22. Food Adulteration is a 'social crime' which endangers the health of the society at large. Such economic offences deserve deterrent punishment and any leniency in this respect or effort to acquit the accused, deserves outright rejection. If the offence would not have of the year 1974 and would have been of recent origin, I would have certainly punished the accused with imprisonment of few years but since much time has passed, I am inclined to punish him with a sentence of only six months rigorous imprisonment and a fine of Rupees 1,000/- and in default of payment of fine, the accused would further undergo one month's rigorous imprisonment,
23. The result is, that the appeal is accepted. The acquittal of the respondent-accused by the learned magistrate is set aside. Om. Prakash son of Rameshwar Mahajan, r/o Khari Bazar, Gangapur City (Sawai Madhopur district) is convicted for the offence under Section 7/16 of the Prevention of Food Adulteration Act and, is sentenced to undergo six months' rigorous imprisonment with a fine of Rs. 1000/- and, in default of payment of fine, one months' rigorous imprisonment, further, is awarded. The trial Court would now take steps to arrest the accused and send him to jail for undergoing the above sentence.
24. Before parting with this case, it must be made clear that offence of adulteration in milk or other food stuffs deserves exemplary deterrent punishment of few years. Such type of observations have been made by me earlier in Cri. Appeal No. 813 of 1975. Nagar Parishad Alwar v. Ganga Lahori decided on February 11, 1982, which are as under:
Offence of adulteration in Chillies or other food stuffs deserves exemplary deterrent, severe punishment of few years, at least, so that not only an accused is properly punished, other citizens also realise that law would come with heavy hand and would not condone such adulterations by lenient and liberal punishments. However, in the instant case, I am making exception by punishing the accused for the exceptional reasons that this appeal against acquittal relates to an offence of the year 1972, and one decade has passed in between. During this one decade, the accused must have remained constantly under the fear and apprehension of punishment in a criminal trial. But even then, letting an accused only on sentence of a fine would have put premium on his social criminal activity, because an adulterater who earns lot of money by such methods, can always afford to pay a small part of it if he can go scot free and then again, start the same nefarious activity. It should not be forgotten that in a given case, a murderer commits the murder of only one person but an adulterater by such sweet poisoning of adulterated food stuffs impairs the health of thousands and lacs in the society and some times, that impairment results in creating of handicap in children and in a remote case, there may be loss of life also. The trial Magistrates should always keep themselves aware of the serious dimensions in future and once, the offence is proved on merits, then simply on technicalities of no substance, misplaced acquittals or releasing such offenders on probation or nominal sentence of fine would result only in abatements of such crimes, in a literal sense, which they should always avoid. It is desired that in appropriate cases, deterrent exemplary punishment should be given and that would be in consonance with intention and object of this legislation.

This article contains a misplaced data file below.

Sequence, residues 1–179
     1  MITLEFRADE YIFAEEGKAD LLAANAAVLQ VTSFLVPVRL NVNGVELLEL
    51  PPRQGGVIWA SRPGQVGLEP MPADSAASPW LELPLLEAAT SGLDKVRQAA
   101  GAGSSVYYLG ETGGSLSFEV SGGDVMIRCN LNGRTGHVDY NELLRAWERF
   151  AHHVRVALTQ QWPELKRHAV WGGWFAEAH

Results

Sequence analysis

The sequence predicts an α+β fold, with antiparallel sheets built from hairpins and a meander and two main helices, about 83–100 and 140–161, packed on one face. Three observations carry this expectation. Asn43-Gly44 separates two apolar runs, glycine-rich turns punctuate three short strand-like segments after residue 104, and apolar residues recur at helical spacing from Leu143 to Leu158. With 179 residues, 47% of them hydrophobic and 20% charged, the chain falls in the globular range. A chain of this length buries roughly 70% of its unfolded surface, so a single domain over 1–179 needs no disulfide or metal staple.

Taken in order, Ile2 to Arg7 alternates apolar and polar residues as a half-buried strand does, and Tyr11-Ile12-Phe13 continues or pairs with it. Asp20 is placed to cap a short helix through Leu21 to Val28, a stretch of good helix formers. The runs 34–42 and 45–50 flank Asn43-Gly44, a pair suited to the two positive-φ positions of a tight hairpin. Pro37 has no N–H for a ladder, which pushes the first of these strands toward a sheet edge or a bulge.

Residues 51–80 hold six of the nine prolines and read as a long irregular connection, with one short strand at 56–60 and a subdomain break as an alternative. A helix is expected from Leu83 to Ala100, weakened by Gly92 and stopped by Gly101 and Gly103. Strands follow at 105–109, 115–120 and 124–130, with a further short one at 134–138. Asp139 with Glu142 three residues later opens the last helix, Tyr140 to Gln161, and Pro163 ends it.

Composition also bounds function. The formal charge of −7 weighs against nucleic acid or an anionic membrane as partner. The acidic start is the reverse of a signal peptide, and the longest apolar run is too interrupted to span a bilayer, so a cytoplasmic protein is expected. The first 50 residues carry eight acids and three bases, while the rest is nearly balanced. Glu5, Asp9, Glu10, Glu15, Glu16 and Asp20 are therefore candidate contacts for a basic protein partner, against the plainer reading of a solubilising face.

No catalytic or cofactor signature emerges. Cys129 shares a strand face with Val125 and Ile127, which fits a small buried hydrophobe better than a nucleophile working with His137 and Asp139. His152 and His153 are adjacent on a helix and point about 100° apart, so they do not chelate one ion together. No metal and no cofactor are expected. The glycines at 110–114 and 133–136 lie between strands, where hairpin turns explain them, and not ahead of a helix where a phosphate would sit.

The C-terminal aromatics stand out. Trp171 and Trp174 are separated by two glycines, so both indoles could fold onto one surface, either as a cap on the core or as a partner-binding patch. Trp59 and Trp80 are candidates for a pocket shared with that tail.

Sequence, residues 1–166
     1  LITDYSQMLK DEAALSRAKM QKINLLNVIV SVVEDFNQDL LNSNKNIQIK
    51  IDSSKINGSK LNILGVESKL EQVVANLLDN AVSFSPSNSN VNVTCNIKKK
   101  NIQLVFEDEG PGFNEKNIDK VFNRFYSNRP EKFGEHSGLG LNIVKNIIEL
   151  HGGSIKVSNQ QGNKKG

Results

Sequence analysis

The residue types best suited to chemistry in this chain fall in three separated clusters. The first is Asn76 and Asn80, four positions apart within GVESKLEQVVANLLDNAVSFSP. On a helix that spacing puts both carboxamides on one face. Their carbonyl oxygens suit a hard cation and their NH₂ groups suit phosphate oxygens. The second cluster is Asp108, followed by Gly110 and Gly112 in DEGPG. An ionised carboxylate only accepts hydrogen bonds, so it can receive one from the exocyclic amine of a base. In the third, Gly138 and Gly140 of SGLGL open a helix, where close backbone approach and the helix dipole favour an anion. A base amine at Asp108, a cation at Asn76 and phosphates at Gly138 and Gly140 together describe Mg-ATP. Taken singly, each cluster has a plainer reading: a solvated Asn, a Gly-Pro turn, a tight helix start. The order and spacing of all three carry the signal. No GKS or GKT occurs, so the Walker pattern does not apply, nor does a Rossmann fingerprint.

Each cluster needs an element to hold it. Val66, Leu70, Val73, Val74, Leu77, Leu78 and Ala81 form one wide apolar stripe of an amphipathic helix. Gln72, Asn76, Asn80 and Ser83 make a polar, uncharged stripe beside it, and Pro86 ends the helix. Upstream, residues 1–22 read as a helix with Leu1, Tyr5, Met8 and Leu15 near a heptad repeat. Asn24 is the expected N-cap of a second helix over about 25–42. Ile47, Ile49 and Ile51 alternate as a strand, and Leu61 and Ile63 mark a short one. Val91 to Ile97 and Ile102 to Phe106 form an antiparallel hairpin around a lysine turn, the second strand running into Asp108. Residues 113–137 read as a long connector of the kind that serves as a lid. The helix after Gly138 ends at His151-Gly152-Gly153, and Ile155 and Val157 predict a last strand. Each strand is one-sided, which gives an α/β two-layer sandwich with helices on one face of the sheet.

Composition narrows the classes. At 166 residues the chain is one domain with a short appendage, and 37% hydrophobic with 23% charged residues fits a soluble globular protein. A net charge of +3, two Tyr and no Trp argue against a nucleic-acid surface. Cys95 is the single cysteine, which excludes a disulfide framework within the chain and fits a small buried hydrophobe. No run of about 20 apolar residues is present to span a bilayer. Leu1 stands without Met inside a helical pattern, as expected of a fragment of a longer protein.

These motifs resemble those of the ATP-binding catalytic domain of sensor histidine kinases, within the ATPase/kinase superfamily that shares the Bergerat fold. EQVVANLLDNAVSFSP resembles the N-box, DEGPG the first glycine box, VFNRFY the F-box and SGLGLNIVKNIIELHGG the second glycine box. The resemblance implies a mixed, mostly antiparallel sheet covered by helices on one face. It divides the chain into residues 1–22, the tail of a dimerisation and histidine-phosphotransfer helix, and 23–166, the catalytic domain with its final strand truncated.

25. The net result is, that this appeal as accepted as indicated above.